Demyelination of the brain stem, cerebellum, or the ocular motor nerves (cranial nerves III, IV, and VI) can lead to ocular misalignment causing diplopia or double vision. MS should be considered in young patients who have acute or subacute double vision.
Myopia, or near-sightedness, is not caused by MS demyelination.
Presbyopia, or the inability to see close objects due to aging, is not caused by MS demyelination.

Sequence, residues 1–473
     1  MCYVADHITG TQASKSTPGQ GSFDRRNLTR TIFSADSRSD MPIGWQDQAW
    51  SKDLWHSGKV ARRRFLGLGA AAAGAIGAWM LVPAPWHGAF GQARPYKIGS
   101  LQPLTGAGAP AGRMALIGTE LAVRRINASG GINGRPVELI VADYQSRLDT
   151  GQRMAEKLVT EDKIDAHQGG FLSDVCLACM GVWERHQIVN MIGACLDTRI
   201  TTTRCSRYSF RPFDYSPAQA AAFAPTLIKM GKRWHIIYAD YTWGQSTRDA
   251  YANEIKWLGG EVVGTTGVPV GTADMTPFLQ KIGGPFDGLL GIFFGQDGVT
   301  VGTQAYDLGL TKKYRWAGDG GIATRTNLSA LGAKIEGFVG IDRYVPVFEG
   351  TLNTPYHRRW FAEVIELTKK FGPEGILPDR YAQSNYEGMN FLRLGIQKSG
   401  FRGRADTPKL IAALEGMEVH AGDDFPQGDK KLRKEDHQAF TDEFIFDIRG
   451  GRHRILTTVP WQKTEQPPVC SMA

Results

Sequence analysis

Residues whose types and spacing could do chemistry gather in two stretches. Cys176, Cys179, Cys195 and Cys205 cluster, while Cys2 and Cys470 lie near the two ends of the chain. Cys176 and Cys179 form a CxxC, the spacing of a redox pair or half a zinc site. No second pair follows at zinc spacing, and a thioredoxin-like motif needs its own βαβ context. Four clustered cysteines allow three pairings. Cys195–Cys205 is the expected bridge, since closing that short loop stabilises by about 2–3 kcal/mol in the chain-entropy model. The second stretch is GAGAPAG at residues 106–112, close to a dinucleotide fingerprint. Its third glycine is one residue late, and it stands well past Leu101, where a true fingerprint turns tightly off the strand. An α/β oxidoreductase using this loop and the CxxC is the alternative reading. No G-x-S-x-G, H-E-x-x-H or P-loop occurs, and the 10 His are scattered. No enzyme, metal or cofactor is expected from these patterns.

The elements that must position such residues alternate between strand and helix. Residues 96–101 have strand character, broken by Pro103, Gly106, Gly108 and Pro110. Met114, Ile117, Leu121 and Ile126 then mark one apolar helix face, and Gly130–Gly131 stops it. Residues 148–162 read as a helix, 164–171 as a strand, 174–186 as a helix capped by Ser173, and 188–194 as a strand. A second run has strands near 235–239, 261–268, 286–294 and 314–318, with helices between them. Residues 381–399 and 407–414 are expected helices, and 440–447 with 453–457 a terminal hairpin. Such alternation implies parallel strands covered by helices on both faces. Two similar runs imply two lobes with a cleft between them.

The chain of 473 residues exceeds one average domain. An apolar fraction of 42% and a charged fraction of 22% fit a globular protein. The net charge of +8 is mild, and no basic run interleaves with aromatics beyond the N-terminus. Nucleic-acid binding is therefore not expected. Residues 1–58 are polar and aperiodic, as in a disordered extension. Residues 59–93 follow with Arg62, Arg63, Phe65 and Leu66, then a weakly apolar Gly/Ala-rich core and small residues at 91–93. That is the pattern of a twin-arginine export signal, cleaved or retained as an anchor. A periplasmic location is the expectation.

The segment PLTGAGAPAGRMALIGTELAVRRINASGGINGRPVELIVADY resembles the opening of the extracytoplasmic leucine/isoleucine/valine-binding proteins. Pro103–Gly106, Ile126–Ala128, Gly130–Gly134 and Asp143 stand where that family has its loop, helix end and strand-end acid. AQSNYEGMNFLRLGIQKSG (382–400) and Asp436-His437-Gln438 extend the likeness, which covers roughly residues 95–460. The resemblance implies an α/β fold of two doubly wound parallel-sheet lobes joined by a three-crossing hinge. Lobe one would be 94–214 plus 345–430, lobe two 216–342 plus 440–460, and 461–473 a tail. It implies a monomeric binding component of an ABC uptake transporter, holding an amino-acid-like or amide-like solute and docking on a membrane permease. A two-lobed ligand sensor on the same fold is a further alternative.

Cataract, or a cloudy lens of the eye, is not caused by MS demyelination.
Learn more about diplopia.
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Cite this: Christopher Luzzio. Fast Five Quiz: Neuro-Ophthalmologic Manifestations of Multiple Sclerosis - Medscape - Apr 08, 2020.